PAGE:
Alex Gagné Glover, founder and CEO of Chez Gagné, a Los Angeles-based card and beverage merchant, said Paper Source placed significant new orders with his four-person company in December, January and February for cards printed in typography for birthdays. (“Doing this thing of life with you is pretty awesome”) and friends (“you’re my soul mate”) and pushed for them to be delivered by the end of February. She thought the orders represented a beacon of hope for post-pandemic sales. She said the chain now owed her over $ 20,000.

“It’s really fishy that they place so many orders with so many small businesses before filing for bankruptcy,” said Gagné Glover, 33.

Ms. Velencia said most of what he was owed was from commissions this year. Sapling Press said it received its biggest order in months from Paper Source in early February. Steel Petal Press, a stationery and gift shop in Chicago, said it was expecting five unpaid payments from Paper Source, including three orders placed before the bankruptcy that it was asked to hurry.

“There was no reason to rush to place a $ 7,000 Father’s Day order – these cards weren’t on sale as of mid-February,” said Ms. Krowinski of Sapling Press.

Ms Park said the orders were unrelated to the company’s bankruptcy. Paper Source has been trying to revive its inventory for months, she said, not least because it had to stock around 27 new locations it acquired just before for the pandemic hit by the bankruptcy of Papyrus, its former rival. . “We have been trying to have our stock of greeting cards in a healthy position since last October when it was very clear that we were very low in stock,” she said.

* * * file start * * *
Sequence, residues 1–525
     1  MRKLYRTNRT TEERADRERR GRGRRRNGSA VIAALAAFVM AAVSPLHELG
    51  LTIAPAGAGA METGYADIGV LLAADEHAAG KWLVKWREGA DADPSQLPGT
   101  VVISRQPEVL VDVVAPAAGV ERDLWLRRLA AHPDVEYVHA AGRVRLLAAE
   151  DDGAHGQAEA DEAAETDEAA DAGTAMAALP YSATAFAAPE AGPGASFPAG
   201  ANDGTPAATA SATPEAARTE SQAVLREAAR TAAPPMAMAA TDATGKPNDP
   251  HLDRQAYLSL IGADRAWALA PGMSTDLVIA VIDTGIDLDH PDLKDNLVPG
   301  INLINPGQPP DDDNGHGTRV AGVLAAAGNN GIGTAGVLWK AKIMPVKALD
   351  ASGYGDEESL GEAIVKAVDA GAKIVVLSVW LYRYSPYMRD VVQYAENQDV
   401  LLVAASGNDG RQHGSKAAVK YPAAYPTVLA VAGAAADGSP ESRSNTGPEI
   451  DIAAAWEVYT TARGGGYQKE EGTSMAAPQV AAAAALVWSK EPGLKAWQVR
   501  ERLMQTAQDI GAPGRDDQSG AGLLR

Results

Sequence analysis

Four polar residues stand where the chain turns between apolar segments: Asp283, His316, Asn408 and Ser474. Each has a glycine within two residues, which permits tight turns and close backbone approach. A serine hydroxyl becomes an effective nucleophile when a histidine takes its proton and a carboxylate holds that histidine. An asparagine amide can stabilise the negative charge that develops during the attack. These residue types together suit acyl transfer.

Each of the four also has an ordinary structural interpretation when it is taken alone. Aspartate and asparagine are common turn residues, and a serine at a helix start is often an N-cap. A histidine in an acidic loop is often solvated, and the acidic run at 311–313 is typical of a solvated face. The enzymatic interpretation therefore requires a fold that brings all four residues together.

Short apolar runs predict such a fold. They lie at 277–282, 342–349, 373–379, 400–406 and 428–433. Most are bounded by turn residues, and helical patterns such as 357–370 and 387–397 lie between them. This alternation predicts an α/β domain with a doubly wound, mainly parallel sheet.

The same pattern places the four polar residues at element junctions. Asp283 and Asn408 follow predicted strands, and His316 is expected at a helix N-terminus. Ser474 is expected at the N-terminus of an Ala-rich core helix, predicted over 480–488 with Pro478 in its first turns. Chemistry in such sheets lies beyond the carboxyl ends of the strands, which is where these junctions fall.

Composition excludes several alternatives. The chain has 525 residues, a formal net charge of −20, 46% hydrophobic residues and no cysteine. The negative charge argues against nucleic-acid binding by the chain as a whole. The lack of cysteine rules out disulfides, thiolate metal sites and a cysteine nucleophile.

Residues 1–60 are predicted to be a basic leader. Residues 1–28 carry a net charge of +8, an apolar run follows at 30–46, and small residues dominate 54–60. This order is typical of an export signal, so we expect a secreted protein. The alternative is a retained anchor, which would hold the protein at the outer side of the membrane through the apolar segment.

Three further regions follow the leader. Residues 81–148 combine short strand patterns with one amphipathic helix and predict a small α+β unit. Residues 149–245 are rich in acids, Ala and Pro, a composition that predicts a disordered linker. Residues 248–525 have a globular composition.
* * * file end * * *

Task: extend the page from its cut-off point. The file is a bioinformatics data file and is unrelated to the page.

But this decision amplified the confusion of the sellers. “The fact that January arrived and the brands started getting these big orders, they were happy and excited to think it was great, things are on the rise again and it was not,” said Katie Hunt, a business coach who works with the stationery. suppliers through his company, Proof to Product. “The optics are bad.”

Paper Source, which has been privately held for years, is a relatively small retailer but a giant among stationery makers, a user-friendly industry with regular trade shows and even “paper camps,” where aspiring card makers hang out. network and learn how to get their goods in. bookstores and other chains, like Nordstrom. Due to its size, Paper Source is able to make concessions such as longer payment terms. He even sought credit of up to $ 250 from vendors to help build new stores, according to emails reviewed by The New York Times.

Paper Source has around 1,700 employees, the vast majority of whom are paid by the hour, and had gross sales of $ 104 million last year, up from $ 153 million in 2019, according to court documents. .

Like many retailers, Paper Source’s sales plummeted last year as it grappled with closings, capacity restrictions and “the wave of canceled marriages,” according to the documents. He closed stores, cut jobs and cut senior management salaries. The company estimated that 30% of its former loyal shoppers had not visited a store or purchased from its website since the start of the pandemic.

Court documents show she has over $ 100 million in debt and leases that cost $ 36 million a year. The company, majority owned by Investcorp, has secured short-term financing as part of the case and is considering selling to lenders by the end of May. Paper Source declined to comment on specific costs associated with its debt.

Many vendors have said they understand Paper Source is being challenged by the pandemic. But while Paper Source may restructure, there is no guarantee of when or how much its suppliers will be paid.

“I don’t think anyone is mad at Paper Source for filing for bankruptcy,” said Kyle Durrie, owner of Power and Light Press in Silver City, NM, and who owes Paper Source about $ 8,000. “Where I think it really hits a lot of us, it’s just like we’re being abused, and we have no rights or remedies because of our small size.”

While some vendors have said they will no longer work with Paper Source, Ms Park said she was optimistic the relationship would improve with more education.

“Bankruptcy is a clear path for the professionals who go out there and do it every day,” she said. “For a community like Paper Source that has never been there, or for our creators who have never been, it’s confusing.

Gillian friedman contributed reports.

Contact Sapna Maheshwari at sapna@nytimes.com